A Case for More Duplicates

13 January 2023
Alex Livingston, the author of novel The Knave of Secrets introduces us to the idea of duplicates in hobby gaming

The balance of luck and skill obsesses us. In many games, the best players are those who put themselves in situations where luck is on their side – where more rolls of the dice or drawn cards are more likely to help them than harm them. But what if you eliminated luck completely?

I feel justified in assuming that most readers find that the combination of careful play with the (limited) whims of chance makes for a great night of gaming. Many of the Whist players of yore (and the bridge players of today) felt differently. While the rules of whist eliminate much of the luck of earlier trick-taking games, like getting points for simply having been dealt a face card, how can you really say who is the better player without leaving it the fall of the cards? Maybe she’s just lucky. The cards love him. If I got cards like that….

Hence the invention of Duplicate Whist.

In duplicate, your total score is based not simply on wins, but on how well your score for a hand compares to that of the other players for the exact same hand. Got a miserable deal? Doesn’t matter – a bunch of other players got the same one, and you managed to eke out a trick more than anyone else, garnering yourself some points. And that magnificent hand you grabbed nine tricks with? Well, someone else snagged ten.

Each table at a duplicate event has one deal of four hands, and the players rotate through. Could the duplicate concept be applied to contemporary tabletop? If your gaming group has a favourite, could it be used to see who is the better player once chance is removed?

Coup comes to mind as a game to which the duplicate approach could easily be applied based strictly on wins. Say you had three tables of three players each. Take three Coup decks and keep track of their order. Label the seats A, B, and C. Each player is assigned one of the three letters, and at the end of three hands – each at a different table but with the players in the same assigned seat – compare the number of wins for the players of the same letter. Maybe someone managed a win with an Ambassador and Contessa when the other two players of the same letter didn’t – and got credit for it.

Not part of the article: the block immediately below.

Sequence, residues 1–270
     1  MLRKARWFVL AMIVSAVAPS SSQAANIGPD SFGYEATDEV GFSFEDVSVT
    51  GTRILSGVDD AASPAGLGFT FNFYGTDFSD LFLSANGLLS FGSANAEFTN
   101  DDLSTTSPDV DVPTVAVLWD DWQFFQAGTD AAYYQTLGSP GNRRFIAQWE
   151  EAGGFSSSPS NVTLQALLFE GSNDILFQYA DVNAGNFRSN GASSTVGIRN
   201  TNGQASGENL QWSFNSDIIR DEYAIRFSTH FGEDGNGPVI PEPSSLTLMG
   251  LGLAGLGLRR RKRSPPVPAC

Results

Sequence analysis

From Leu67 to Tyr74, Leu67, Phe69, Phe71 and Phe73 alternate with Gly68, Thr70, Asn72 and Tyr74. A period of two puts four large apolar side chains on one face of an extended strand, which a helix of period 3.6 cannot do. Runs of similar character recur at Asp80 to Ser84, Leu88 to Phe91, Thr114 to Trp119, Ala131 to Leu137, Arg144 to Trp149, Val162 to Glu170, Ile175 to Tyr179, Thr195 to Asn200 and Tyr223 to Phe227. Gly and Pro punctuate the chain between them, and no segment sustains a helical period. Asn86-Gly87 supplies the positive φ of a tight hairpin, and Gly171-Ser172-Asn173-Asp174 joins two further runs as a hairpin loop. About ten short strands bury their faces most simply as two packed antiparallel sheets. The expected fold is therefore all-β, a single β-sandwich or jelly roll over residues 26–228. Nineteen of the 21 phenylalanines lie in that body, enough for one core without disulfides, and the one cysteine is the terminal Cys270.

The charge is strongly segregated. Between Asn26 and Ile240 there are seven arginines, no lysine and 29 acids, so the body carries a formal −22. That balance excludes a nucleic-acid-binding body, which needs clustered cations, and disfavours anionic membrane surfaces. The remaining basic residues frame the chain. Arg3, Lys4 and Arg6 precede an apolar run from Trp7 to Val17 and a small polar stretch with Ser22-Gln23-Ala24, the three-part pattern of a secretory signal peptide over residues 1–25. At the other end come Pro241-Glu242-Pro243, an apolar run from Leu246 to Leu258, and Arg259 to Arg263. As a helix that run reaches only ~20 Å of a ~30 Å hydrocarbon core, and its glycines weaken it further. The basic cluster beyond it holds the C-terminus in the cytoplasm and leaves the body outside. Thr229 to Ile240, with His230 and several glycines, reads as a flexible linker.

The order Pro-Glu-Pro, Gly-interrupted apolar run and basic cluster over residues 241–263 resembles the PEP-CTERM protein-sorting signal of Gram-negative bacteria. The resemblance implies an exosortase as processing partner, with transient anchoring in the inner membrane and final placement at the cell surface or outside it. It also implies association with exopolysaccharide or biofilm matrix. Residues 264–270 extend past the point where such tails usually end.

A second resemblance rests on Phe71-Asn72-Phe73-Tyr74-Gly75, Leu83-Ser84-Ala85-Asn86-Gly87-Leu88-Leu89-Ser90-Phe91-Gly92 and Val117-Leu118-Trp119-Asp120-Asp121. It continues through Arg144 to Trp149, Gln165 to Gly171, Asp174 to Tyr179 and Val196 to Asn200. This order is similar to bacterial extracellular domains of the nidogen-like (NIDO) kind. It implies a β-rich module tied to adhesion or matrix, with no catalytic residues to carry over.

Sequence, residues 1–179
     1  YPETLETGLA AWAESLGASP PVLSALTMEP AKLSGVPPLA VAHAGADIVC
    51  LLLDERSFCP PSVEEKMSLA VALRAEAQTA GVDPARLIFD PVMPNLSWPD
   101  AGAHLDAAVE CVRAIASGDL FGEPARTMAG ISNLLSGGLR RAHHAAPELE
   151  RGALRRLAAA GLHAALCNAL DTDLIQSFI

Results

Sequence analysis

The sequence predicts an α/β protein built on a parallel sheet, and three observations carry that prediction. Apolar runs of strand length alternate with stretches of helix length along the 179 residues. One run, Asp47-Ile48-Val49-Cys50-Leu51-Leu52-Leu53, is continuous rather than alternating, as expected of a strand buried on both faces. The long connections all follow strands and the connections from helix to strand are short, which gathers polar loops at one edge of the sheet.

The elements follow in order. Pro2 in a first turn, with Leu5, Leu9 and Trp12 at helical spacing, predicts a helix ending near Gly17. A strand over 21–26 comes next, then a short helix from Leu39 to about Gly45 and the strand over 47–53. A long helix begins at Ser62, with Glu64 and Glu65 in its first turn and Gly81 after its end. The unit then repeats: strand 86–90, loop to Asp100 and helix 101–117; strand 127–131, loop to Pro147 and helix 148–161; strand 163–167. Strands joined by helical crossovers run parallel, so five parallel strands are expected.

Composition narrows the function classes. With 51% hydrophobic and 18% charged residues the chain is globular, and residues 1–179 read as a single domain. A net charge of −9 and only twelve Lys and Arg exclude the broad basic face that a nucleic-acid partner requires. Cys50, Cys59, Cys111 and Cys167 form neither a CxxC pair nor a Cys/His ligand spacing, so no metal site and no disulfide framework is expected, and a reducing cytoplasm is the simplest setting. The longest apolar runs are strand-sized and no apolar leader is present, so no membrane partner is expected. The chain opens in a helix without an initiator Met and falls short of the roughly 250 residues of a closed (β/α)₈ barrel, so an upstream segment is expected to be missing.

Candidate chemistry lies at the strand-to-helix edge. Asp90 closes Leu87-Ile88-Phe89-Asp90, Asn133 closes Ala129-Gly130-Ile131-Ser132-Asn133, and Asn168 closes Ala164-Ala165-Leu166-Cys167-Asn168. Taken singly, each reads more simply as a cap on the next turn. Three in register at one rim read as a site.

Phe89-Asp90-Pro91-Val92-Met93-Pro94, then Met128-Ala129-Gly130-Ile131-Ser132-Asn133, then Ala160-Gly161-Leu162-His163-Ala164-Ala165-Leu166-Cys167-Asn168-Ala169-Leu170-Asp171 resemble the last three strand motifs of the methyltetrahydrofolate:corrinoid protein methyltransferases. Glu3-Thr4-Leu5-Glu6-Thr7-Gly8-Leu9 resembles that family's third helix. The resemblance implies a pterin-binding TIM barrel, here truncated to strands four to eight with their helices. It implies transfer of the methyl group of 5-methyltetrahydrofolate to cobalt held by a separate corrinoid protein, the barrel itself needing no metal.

With Coup the individual players’ decisions to draw or not would change which cards were available for the players in different hands; if I switch out and grab a Duke, there’s no guarantee the person in the same seat next hand will do the same. The same concern presents itself with a deck-builder like Star Realms.

This is the blackjack problem – “you shouldn’t have hit, and that seven should be mine” – and could be a frustration for the strictest competitors, but (barring any high-stakes underground Coup rings) it would likely add more conversation and interest to the post-game analysis. “Oh, I decided to go for Blob, so that Mech World didn’t come up on my turn” etc.

Dice rolls could be static as well, if you’ll pardon the oxymoron. Roll a few hundred times or have one of these new-fangled computers do it for you, keep the list, and use it for each game. Printing up a bunch of domino cards would serve equally well. (For an impassioned treatise on dice rollers, I recommend the eXtreme gammon FAQs. It gets heavy.)

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This approach could be applied to many games, of course; let’s look at the space sandbox Xia: Legends of a Drift System.

For a duplicate Xia tourney, the order of the tiles and the card decks would be preset by the organizer. These would be the same at each table, as would the stack of “dice roll” cards. How did you do against a player with the same starting ship? You may have lost the game, but if you came out with the highest score among the Easy Tiger players, you could still take the tourney.

The duplicate approach could really shine with single-player games (or SP variants). A Nemo’s War challenge in which the order of ships coming out of the bag and adventure cards drawn is preset would lead not only to serious bragging rights, but to a detailed review of every single turn. Why did one player choose to attack a frigate when another turned tail? How did that impact the rest of the game?

Duplicate could bring a different level of scientific play to the games we love, and more importantly, would prompt a deeper understanding of the mechanics through conversations with friends about the choices made. Not that I would turn down the bragging rights, of course. 

About Alex Livingston

Alex Livingston grew up in various quiet New England towns before moving to Buffalo, NY to study English at Canisius College. He lives in an old house with his brilliant wife and a pile of aged videogame systems where he writes SFF prose and interactive fiction. The Knave of Secrets (Solaris, June 2022) is his debut novel.

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